Perhaps your response is that mainstream media is liberal and anti-Christian, that the dominant popular culture—social media influencers, athletes, and entertainers—don’t have a problem doing the same thing. They promote a narrative and social climate that affirms and even absolutizes their views of science and faith, human sexuality, gender identity, and abortion rights, and they brutally cancel those who hold to the teaching of Scripture in these areas. And you’re right; they do.

The way we use our words reveals our hearts, it reveals the kingdom values that govern us.

That doesn’t change our responsibility to be wise and careful with our words, for they not only reflect what is in our hearts, but they can also, if used foolishly and carelessly, change and distort our hearts, dishonor God, hate our neighbors, and ultimately promote the cause of Satan’s kingdom. James speaks of the tongue as lit by the fire of hell, a world of evil or unrighteousness, a restless evil (James 3:6, 9). If, in fighting the good fight, we begin to look like the world in our use of words—if we become saltless salt and lightless light—what purpose do we have in the kingdom? We may be fighting for Christ but not have the spirit of Christ.

To be clear, this is not about being a mild-mannered pushover, about being passive, about not speaking, and it is not for the faint of heart. It will require a courage we may not think that we have. Some of you are reading this right now and have so identified your way of speaking with the cause of Christ that you cannot imagine that you could be wrong. This way of speaking has provided you with purpose, comfort, and a community. It will take courage for us to examine our hearts, to test the spirits, and to change our source of comfort. It will take courage to step away from the community of like-minded speakers who have liked our posts. Some of us have been keeping our heads down and contenting ourselves with not speaking at all and leaving no digital footprint. It will take courage for us to learn how to speak and leave a positive gospel-shaped digital footprint as you walk forward in Christ.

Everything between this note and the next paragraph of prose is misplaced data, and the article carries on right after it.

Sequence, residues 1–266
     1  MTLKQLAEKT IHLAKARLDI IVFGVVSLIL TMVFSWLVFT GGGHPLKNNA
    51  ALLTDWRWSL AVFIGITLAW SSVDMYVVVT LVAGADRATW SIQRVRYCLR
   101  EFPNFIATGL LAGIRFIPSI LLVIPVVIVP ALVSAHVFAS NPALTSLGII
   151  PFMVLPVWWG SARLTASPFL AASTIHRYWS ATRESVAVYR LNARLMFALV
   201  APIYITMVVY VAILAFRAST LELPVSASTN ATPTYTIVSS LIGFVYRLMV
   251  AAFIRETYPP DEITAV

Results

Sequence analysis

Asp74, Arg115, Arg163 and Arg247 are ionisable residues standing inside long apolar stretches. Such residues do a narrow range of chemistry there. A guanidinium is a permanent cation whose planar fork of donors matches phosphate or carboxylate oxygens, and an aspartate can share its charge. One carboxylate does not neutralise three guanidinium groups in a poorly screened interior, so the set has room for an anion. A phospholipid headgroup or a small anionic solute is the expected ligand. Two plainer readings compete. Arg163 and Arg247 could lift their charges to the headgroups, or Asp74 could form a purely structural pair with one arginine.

In this moment—when words have so much power, both against us and in our hands—we may feel small, powerless, threatened, and overwhelmed, and there is such a temptation to find our hope in the use of our words as weapons. In the ninth commandment, God tells us what it looks like to follow Him in the use of our words, and that means that our hope is not about winning the battle with our words but about belonging to Him. In this moment, our hope is in Jesus Christ, the One who loves us and who has already won the battle. The gospel message of King Jesus necessarily defines the way we use our words as weapons. All that energy and power of our words is now controlled by the principle of new kingdom life in Christ and so must be in step with the Spirit. Let us step forward as those who belong to the King and speak in hope—secure, unafraid, and at rest in the knowledge of God’s love for us in Jesus Christ. Therefore, let us use our words with the accent of heaven.

Editor’s Note: This post was originally published on August 18, 2021.